Lucian K Truscott IV remembers forty years ago today.
Across the street from the Stonewall, a crowd of maybe 100 was watching the police march out a dozen or so bar patrons and employees into a paddy wagon. The young arrestees paused at the back of the waiting paddy wagon and struck vampy poses, smiling and waving to the crowd.
This was not the way gays were supposed to behave when they were arrested, and the officers started shoving them with their nightsticks. People in the crowd yelled at the police to stop. The officers responded by telling them to get off the street. Someone started throwing pocket change at the officers, and others began rocking the paddy wagon. Then, from the back of the crowd, beer cans and bottles flew through the air. In a hail of coins and street debris, the paddy wagon drove away with two patrol cars, and the remaining officers retreated inside the Stonewall, locking the doors behind them.
Soon enough, loose cobblestones from a nearby repaving site rained down on the bar’s windows. An uprooted parking meter was used to ram the club’s doors. Someone lighted a wad of newspaper and threw it through the bar’s broken window, starting a small fire. The policemen inside the Stonewall put it out with a fire hose, which they then turned on the crowd.
Instead of dispersing, the people in the street cavorted sarcastically in the spray, teasing the officers with suggestive come-ons. A few moments later, patrol cars came screaming down Christopher Street from Sixth Avenue. And at approximately 2 a.m. on Saturday, June 28, the gay men decided they weren’t going to take it anymore. The clash outside the Stonewall went on for 48 more hours and become famous as the riots that started the gay-rights movement.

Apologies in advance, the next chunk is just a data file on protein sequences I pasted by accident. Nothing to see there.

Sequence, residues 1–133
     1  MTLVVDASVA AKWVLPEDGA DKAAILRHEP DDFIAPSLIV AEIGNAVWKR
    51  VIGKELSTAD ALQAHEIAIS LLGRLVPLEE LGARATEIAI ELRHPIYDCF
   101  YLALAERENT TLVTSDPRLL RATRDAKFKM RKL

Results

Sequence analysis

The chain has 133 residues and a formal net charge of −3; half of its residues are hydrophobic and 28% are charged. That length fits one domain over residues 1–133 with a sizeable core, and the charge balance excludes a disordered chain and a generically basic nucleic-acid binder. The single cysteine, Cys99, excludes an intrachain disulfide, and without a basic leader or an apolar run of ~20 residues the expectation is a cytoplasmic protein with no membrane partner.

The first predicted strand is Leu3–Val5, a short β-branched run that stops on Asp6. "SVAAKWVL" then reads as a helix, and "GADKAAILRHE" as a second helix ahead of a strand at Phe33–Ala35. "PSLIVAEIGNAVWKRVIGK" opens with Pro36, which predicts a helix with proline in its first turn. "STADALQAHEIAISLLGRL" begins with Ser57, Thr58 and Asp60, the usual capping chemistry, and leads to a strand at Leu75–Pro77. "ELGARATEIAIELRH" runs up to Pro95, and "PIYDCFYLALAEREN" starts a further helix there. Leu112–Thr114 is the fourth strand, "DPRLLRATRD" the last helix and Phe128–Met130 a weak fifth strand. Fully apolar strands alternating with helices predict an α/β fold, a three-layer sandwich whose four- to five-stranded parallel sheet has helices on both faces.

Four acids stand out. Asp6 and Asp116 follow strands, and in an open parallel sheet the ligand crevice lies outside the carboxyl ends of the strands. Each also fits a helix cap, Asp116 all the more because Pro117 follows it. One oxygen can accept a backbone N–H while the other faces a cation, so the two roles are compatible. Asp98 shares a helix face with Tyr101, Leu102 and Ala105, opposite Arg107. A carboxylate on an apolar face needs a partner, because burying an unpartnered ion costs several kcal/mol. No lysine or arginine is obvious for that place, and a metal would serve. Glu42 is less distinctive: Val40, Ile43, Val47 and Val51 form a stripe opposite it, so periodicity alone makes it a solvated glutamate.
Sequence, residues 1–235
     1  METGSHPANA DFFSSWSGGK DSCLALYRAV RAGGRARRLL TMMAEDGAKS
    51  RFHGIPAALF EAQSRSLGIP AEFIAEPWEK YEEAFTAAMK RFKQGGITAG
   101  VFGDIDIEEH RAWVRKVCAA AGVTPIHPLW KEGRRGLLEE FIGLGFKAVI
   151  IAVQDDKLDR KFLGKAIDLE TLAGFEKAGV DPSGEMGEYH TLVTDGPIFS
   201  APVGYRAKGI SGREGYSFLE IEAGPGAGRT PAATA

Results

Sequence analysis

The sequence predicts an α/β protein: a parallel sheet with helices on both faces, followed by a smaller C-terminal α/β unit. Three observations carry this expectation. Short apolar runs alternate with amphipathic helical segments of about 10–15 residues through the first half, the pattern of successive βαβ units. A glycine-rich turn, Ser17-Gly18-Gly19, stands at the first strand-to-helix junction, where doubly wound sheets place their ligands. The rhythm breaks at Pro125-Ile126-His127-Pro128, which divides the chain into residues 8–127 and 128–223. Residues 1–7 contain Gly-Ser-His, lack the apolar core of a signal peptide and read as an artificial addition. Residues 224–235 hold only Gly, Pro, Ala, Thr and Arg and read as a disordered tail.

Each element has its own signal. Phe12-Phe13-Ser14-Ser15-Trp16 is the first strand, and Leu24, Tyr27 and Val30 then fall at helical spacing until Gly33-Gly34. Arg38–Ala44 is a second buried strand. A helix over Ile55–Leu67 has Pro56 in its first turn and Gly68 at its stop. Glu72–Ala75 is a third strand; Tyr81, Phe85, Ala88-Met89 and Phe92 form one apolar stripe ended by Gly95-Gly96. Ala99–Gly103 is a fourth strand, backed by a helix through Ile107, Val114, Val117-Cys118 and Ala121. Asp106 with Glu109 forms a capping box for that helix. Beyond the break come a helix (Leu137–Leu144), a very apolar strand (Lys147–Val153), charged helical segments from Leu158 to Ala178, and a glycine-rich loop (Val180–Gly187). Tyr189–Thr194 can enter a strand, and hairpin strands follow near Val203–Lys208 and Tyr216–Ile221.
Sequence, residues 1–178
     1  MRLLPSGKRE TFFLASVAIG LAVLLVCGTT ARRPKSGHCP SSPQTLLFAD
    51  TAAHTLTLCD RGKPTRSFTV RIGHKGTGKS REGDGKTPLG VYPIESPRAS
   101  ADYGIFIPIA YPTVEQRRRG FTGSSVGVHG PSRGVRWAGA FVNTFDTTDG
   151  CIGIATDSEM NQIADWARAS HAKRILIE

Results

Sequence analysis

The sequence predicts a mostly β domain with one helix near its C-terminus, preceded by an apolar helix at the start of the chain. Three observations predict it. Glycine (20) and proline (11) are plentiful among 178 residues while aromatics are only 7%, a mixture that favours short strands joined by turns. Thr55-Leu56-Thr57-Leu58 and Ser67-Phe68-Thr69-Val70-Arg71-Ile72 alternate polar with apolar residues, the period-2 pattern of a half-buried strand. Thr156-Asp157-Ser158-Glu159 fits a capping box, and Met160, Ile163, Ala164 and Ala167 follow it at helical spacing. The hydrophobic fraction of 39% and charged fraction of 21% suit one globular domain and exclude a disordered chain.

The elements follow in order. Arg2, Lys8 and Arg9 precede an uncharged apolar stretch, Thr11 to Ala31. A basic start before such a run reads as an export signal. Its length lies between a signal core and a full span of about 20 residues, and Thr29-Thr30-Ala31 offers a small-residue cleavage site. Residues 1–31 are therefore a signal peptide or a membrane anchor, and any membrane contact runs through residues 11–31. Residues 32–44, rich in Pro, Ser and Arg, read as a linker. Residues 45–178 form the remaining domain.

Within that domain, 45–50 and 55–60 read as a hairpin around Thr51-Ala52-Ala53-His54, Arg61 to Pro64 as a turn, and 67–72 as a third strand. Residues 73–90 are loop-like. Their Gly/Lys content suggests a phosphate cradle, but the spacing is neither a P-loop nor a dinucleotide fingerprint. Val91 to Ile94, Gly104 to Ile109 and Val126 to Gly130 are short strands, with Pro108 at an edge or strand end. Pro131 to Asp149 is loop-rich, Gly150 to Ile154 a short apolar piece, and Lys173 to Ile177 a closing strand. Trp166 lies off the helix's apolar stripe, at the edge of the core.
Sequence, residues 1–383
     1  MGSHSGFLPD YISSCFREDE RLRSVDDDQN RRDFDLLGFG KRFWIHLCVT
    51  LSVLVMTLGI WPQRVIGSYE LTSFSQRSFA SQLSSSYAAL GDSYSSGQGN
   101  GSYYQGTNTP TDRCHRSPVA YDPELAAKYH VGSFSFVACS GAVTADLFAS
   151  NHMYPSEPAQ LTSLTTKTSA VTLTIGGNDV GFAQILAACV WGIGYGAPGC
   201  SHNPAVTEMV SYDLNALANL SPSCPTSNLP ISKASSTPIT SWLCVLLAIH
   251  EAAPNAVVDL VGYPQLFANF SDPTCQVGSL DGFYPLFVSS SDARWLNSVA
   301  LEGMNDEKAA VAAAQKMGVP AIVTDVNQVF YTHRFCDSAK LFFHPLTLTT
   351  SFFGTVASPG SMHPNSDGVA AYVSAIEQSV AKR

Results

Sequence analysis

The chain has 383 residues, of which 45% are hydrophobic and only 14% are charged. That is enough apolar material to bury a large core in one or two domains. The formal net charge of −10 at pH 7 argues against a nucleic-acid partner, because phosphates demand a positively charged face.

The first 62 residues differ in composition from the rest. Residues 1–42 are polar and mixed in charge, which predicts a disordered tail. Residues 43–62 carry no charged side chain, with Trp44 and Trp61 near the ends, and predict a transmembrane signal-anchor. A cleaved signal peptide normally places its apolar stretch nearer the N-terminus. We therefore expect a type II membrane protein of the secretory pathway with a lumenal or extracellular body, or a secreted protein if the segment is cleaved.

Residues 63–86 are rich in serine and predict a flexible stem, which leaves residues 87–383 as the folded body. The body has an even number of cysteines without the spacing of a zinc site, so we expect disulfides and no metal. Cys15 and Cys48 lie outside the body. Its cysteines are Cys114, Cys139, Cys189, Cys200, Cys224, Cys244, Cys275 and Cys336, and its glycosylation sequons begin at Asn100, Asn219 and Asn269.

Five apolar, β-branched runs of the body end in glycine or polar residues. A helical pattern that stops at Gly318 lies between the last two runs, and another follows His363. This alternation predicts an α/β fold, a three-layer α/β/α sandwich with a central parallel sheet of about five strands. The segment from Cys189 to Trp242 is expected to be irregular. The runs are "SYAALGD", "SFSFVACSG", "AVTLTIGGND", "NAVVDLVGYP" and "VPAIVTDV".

Amazingly, there was no TV coverage and only a few paragraphs in the city’s daily papers.
Not so any more. On the editorial page of the New York Times, Frank Rich criticizes the President for failing to step up on gay rights.
On Monday, President Obama will commemorate Stonewall with an East Room reception for gay leaders. Some of the invitees have been fiercely critical of what they see as his failure, thus far, to redeem his promise to be a “fierce advocate” for their still unfulfilled cause. The rancor increased this month, after the Department of Justice filed a brief defending the Defense of Marriage Act (DOMA), the most ignominious civil rights betrayal under the last Democratic president, Bill Clinton.
The Obama White House has said that the Justice Department action was merely a bureaucratic speed bump on the way to repealing DOMA which hardly mitigates the brief’s denigration of same-sex marriage, now legal in six states after many hard-fought battles. The White House has also asserted that its Stonewall ceremony was “long planned” even though it sure looks like damage control. News of the event trickled out publicly only last Monday, after dozens of aggrieved, heavy-hitting gay donors dropped out of a Democratic National Committee fund-raiser with a top ticket of $30,400.
In conversations with gay activists on both coasts last week, I heard several theories as to why Obama has seemed alternately clumsy and foot-dragging in honoring his campaign commitments to dismantle DOMA and Don’t Ask Don’t Tell. The most charitable take had it that he was following a deliberate strategy, given his habit of pursuing his goals through long-term game plans. After all, he’s only five months into his term and must first juggle two wars, the cratered economy, health care and Iran. Some speculated that the president is fearful of crossing preachers, especially black preachers, who are adamantly opposed to same-sex marriage. Still others said that the president was tone-deaf on the issue because his inner White House circle lacks any known gay people.
Richard Bowes has another memoir of the event.
It's odd to be old enough to remember history. The Stonewall Riot always makes me feel like a citizen of Concord awakened by musket fire on that crisp April morning and wondering what the commotion was.
Stephen Colbert dedicates an entire episode to Stonewall, too.
Oh, and in my town we're having a parade.